This document contains some information about the security of the software, more specifically: the configuration choices that were made.
The basic OpenVPN server (and client) crypto configuration:
tls-version-min 1.2 tls-cipher TLS-ECDHE-RSA-WITH-AES-256-GCM-SHA384:TLS-ECDHE-ECDSA-WITH-AES-256-GCM-SHA384 dh none ncp-ciphers AES-256-GCM cipher AES-256-GCM tls-crypt /path/to/tls-crypt.key
TLS-ECDHE-RSA-WITH-AES-256-GCM-SHA384 as TLS cipher because it is
listed in RFC 7525 (section 4.2). It was
the only cipher that could be used with RSA keys and AES-256-GCM. Furthermore,
ECDHE is faster than DHE.
For the data channel we chose to use
We do not specify the
auth OpenVPN configuration option as it is no longer
used when using an AEAD cipher like
tls-cipher option is only used with TLSv1.2. When a TLSv1.3
connection is established it is ignored. TLSv1.3 has a limited selection of
algorithms that are all secure, no need to put any restriction on it.
NOTE: vpn-user-portal >= 2.3.4 and vpn-server-node >= 2.2.4 add support for
ECDSA TLS cipher
TLS-ECDHE-ECDSA-WITH-AES-256-GCM-SHA384 to support
ECDSA certificates on TLSv1.2 connections. It was already supported when a
TLSv1.3 connection was used.
Starting from vpn-server-api 2.1.1 there no longer is a “global”
key that is the same for all profiles. From this version on all new
installations will use a
tls-crypt key per profile.
NOTE: if you already installed your VPN server before the release of
vpn-server-api 2.1.1 you will continue to use the same
tls-crypt key for all
profiles. If you want to switch to using one key per profile you need to
To apply the configuration changes:
$ sudo vpn-maint-apply-changes
If the command is not available, install the
vpn-maint-scripts package first.
Please be aware that existing clients will need to fetch a new configuration, unless the eduVPN or Let’s Connect! apps are used where that will happen automatically.
CentOS 7 by default provides PHP 5.4. This is not without risks. This version is no longer maintained by the PHP project and depends fully on the Red Hat engineers that update it when (security) issues appear.
resources/ directory for PHP setting changes.
We use fkooman/secookie, a library to implement secure PHP sessions (and cookies).
The built-in OAuth server
uses public key cryptography signed JWT Bearer tokens of the type
implemented in php-jwt. The
JWT token in specified in RFC 8037.
The reason we are using public key cryptography for the Bearer tokens is that no “back channel” is needed between the services verifying the token and issuing the token. This is especially helpful in the case of Guest Usage.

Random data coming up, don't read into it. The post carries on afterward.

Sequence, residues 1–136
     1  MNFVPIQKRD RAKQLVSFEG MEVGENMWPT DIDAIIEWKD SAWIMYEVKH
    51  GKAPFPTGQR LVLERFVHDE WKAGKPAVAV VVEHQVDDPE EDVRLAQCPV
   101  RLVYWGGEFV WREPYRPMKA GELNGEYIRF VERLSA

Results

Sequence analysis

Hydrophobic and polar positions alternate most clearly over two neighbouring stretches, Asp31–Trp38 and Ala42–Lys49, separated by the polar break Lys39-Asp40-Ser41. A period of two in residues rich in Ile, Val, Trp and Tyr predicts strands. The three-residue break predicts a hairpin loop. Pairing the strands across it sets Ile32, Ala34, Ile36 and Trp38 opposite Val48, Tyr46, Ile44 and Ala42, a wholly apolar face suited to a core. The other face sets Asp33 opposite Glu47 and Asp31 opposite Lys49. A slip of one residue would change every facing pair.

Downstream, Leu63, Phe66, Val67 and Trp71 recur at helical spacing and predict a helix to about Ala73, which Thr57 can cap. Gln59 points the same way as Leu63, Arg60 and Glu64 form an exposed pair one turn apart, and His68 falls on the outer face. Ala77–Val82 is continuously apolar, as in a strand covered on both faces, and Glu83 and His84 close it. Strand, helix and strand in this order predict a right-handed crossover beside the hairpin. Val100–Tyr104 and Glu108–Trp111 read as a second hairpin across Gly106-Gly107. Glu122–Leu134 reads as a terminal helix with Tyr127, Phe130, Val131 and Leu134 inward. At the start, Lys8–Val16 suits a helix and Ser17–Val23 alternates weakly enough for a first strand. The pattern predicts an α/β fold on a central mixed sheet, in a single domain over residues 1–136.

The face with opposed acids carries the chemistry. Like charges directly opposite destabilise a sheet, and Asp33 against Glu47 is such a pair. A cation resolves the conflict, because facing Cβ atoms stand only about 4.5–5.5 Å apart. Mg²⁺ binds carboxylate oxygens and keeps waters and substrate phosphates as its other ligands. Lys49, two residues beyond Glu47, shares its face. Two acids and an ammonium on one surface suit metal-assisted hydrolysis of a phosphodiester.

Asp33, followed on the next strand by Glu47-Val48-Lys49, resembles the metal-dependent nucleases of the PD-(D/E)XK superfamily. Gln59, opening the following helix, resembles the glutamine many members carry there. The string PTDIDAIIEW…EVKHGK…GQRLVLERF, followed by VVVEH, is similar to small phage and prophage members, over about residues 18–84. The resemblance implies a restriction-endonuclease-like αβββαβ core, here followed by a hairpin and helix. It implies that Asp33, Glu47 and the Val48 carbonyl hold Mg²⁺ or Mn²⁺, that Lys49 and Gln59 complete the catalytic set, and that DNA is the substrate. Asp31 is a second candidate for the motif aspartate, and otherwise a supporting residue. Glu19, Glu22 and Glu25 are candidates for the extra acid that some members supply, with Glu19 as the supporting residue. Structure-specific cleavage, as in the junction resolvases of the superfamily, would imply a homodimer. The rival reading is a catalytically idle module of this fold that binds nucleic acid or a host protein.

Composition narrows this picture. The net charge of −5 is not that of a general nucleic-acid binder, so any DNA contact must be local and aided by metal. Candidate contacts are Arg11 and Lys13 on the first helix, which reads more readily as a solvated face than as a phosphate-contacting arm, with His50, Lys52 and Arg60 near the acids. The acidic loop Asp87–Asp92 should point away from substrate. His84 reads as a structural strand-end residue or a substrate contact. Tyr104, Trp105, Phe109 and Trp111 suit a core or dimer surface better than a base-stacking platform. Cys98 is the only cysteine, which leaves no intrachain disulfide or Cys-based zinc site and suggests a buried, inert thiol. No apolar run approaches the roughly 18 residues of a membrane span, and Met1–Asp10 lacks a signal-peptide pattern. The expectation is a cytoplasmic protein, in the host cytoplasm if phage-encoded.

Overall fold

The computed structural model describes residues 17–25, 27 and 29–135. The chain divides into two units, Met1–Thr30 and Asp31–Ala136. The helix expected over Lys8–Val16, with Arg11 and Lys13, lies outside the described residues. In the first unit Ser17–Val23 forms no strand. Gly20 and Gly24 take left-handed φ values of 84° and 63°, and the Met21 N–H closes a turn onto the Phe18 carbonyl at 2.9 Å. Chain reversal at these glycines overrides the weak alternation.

The CA of the VPN service is “online” as it needs to generate valid certificates on the fly. The vpn-ca software is used as CA.
By default the CA uses
RSA with keys of length 3072 bits, and signs using
The CA also supports
ECDSA with the NIST P-384 (secp384r1) curve, and
Ed25519. Refer to the next section to see what is possible.
From vpn-server-api 2.3.0, ECDSA is the default. If the CA was initialized before the upgrade to 2.3.0, ECDSA will only be used for new server and client certificates. New installations of the server will use ECDSA for the CA as well.
TLS Algorithm Support#
From the point of view of the VPN server the following tables can help to figure out which algorithms are supported.
|Debian 10, 11||TLSv1.2, TLSv1.3|
Whenever possible, the client/server will use the highest TLS version. As for which types of keys are supported by the VPN server:
|CA||CentOS 7||Fedora||Debian 10, 11|
The client plays an important role here. In order to support
EdDSA the client
MUST support TLSv1.3, and support storing
EdDSA keys in its key store.
When using TLSv1.2, the server and client
tls-cipher option are consulted,
this option is ignored when using TLSv1.3. When introducing
ECDSA support, we
had to add an additional
tls-cipher just for the TLSv1.2 case to both the
client and server OpenVPN configuration, otherwise only
RSA was allowed. As
only TLSv1.3 supports
EdDSA, we did not need to modify anything for this
scenario, but using
EdDSA is restricted to “modern” VPN servers. Only servers
(and clients) using OpenSSL >= 1.1.1 support TLSv1.3 (and
NOTE in order to support
ECDSA on CentOS 7 you need to run
vpn-user-portal >= 2.3.4 and vpn-server-node >= 2.2.4 on your server.
Switching Key Type#
Switching to another key type from RSA is easy. Modify
/etc/vpn-server-api/config.php and set the
vpnCaKeyType option, as an
example we switch to ECDSA:
<?php return [ //'vpnCaKeyType' => 'RSA', 'vpnCaKeyType' => 'ECDSA', //'vpnCaKeyType' => 'EdDSA', 'vpnProfiles' => [ // ...
If you want your entire CA, including the Root CA to use the same algorithm,
you can “reset” your server’s data. Note that this is OPTIONAL. It works
perfectly fine just switching the
In case you want to continue with the reset, you can run the following command:
$ sudo vpn-maint-reset-system
This will re-initialize the VPN server and bring it back to “defaults”, it will
remove all data, but not the configuration and recreate the CA with the
NOTE: if you are using the default username/password authentication module,
all users will be lost on “reset” and you need to add them again using
$ sudo vpn-user-portal-add-user